February 21, 2017
Question: When is California’s drought emergency over?
Answer: When Gov. Jerry Brown says it’s over.
In January 2014, acting after two successive dry years, Governor Edmund G. Brown Jr. declared a State of Emergency for the entire state of California. He cited the extreme and prolonged drought.
Seven executive orders followed from April 2014 to May and California remains to the present day in a state of what amounts to marshal law with respect to its water supply. www.water.ca.gov/waterconditions/docs/California_Signficant_Droughts_2015_small.pdf
Gov. Brown’s executive order was only the second time in California history that such a statewide declaration of emergency has been ever issued. Ironically, the governor also declared the first statewide emergency during the 1976-1977 drought.
Since statehood, no other governor has felt the need to issue such a blanket state of emergency.
1977 also marked the first occasion that Gov. Brown predicted prolonged drought to be California’s “new normal.” In both 1977 and 2014, he asked the people of the state to conserve 25 percent of their drinking water.
Although the ‘70s drought ended in widespread floods in the winter of his declaration, Brown delayed rescinding his emergency executive powers until the following year.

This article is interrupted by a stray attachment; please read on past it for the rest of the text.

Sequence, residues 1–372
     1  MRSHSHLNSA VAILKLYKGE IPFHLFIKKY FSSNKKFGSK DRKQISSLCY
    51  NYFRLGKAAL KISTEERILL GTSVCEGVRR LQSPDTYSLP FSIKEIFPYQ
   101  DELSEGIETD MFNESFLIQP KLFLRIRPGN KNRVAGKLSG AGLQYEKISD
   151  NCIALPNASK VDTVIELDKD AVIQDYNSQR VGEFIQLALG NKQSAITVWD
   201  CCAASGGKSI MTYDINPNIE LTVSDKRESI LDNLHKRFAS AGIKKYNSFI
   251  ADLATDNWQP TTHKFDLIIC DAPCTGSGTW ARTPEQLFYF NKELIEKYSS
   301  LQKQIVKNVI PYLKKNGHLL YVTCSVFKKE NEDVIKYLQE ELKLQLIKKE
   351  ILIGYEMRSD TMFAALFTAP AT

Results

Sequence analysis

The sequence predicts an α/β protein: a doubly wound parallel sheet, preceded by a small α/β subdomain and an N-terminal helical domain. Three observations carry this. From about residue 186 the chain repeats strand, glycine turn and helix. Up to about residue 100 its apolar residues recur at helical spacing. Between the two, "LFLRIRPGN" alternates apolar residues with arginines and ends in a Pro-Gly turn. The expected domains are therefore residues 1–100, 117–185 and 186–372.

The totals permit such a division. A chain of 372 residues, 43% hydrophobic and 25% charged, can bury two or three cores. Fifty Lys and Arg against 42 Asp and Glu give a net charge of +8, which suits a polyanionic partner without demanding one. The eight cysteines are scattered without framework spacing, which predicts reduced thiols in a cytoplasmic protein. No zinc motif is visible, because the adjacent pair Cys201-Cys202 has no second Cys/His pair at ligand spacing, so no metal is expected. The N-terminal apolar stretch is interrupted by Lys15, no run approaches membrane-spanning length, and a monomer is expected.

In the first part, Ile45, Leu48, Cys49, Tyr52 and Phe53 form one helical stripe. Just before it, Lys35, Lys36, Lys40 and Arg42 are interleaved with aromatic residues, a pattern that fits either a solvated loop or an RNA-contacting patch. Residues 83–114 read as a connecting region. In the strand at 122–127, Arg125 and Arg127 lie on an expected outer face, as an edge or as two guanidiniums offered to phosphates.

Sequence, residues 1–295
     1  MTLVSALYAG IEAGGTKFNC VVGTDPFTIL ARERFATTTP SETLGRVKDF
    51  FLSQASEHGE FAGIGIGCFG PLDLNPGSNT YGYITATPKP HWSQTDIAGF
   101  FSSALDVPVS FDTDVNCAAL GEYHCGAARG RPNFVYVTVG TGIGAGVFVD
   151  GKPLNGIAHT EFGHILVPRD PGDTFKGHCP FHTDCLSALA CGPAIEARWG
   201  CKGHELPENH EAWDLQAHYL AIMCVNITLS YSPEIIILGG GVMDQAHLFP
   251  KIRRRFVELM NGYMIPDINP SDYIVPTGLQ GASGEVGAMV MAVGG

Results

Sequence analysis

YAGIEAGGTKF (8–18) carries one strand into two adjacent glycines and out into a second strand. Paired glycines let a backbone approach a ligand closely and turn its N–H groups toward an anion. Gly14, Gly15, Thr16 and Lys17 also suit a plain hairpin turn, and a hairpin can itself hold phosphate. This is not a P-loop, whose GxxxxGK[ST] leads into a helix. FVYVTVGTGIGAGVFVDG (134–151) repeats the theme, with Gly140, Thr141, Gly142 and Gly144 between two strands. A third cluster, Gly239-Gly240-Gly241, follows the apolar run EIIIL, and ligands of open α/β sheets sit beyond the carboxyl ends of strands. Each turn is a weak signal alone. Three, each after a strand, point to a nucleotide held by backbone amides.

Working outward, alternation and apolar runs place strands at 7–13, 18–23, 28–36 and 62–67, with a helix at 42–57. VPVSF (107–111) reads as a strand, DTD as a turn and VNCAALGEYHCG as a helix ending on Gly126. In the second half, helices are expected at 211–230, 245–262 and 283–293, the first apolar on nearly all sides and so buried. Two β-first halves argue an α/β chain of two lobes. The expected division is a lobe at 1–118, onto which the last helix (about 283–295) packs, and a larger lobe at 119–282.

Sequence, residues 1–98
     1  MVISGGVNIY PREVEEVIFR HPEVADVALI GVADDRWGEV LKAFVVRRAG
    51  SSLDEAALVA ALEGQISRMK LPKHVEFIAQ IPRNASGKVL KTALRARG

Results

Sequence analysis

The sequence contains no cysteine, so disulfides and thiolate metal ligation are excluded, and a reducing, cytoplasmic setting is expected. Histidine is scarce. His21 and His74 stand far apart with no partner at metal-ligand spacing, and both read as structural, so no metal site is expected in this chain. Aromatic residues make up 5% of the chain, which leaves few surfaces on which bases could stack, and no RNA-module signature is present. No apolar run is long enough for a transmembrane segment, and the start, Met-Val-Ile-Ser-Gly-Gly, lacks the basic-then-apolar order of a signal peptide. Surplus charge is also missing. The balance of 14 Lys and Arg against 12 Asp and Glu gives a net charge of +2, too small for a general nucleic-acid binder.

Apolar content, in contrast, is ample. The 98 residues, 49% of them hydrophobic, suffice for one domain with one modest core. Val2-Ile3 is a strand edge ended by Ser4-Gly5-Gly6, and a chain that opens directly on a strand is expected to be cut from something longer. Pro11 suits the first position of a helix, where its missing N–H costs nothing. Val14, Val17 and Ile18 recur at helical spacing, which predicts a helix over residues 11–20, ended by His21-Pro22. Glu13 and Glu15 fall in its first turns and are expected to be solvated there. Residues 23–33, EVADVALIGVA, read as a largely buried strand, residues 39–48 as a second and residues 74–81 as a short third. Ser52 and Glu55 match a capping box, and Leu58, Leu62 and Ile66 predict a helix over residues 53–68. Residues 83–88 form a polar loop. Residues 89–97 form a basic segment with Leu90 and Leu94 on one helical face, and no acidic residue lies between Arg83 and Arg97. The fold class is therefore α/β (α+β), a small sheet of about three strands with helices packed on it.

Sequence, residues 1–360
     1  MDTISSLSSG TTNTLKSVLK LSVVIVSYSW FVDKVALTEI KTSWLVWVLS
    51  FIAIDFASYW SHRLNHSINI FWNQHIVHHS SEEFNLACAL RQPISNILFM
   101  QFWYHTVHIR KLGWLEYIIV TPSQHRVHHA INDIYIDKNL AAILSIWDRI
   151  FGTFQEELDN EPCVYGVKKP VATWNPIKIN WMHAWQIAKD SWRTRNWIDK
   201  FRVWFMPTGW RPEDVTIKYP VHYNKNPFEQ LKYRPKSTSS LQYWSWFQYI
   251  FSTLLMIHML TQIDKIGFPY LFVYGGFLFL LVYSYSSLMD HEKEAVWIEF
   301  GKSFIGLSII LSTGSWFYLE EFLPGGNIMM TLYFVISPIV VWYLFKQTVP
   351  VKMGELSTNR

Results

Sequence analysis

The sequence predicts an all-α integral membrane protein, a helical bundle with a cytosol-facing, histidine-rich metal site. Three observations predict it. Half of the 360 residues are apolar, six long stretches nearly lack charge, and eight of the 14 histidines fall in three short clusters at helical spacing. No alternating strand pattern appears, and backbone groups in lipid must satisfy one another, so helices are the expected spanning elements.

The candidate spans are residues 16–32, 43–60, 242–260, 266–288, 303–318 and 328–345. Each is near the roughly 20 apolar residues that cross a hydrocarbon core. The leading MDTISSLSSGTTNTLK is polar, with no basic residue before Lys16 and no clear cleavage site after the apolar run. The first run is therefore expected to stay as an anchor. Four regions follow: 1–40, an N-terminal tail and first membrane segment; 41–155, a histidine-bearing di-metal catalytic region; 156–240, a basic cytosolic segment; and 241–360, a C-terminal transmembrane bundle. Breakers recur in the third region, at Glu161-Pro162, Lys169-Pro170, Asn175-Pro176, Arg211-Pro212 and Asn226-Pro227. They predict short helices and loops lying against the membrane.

Even as floodwaters were rising from last week’s storms, water managers scrambled to release water from state reservoirs and a near catastrophe ensued with the failure of Lake Oroville’s spillways. Brown’s appointed State Water Resources Control Board (SWRCB) announced its disappointment that the state’s citizens were lagging in their water conservation measures to combat the ongoing drought.
While journalists reported floods and dangerous, record-setting rain and snow, SWRCB Chair Felicia Marcus noted that the board decided to extend mandatory water conservation stress tests and other cutback measures on urban water districts and their ratepayers.
If we have learned anything from Gov. Brown’s four terms, it’s revealing how he grabs executive power quickly at the first sign of a crisis and then turns overly stingy when events demonstrate it’s time for him to relinquish it.
Will we ever go back to the way things were? No, and we shouldn’t. This current water crisis and revelations concerning the decline in our state’s infrastructure and its readiness to deal with both feast and famine should instill a greater respect for our water among all Californians.
Faced with an ever-growing population, we must never go back to the days of managing such a precious resource with outdated science, ignored infrastructure, or unachievable goals that further endanger our population, endangered species, our public health, and our water supply.
It’s also fair to ask, “Is this constant state of drought emergency the ‘new normal’ Brown says it is? Not at all.
With the state facing floods from north to south, it’s time for Brown to rescind his overly broad drought emergency order and open the path to greater flexibility and cooperation needed to recover and replenish our surface and ground water systems statewide and heal our dams, levees, underground aquifers, and aqueducts.
It is also time that Governor Brown’s appointed agencies stop playing games and begin the construction of new storage as Californians passed a water bond in 2014. Since then, not a single shovel has turned dirt.
(Editor’s note: Aubrey Bettencourt is the executive director of the California Water Alliance. The views expressed in this commentary are solely those of the guest author, and are not necessarily shared or endorsed by Western Farm Press).
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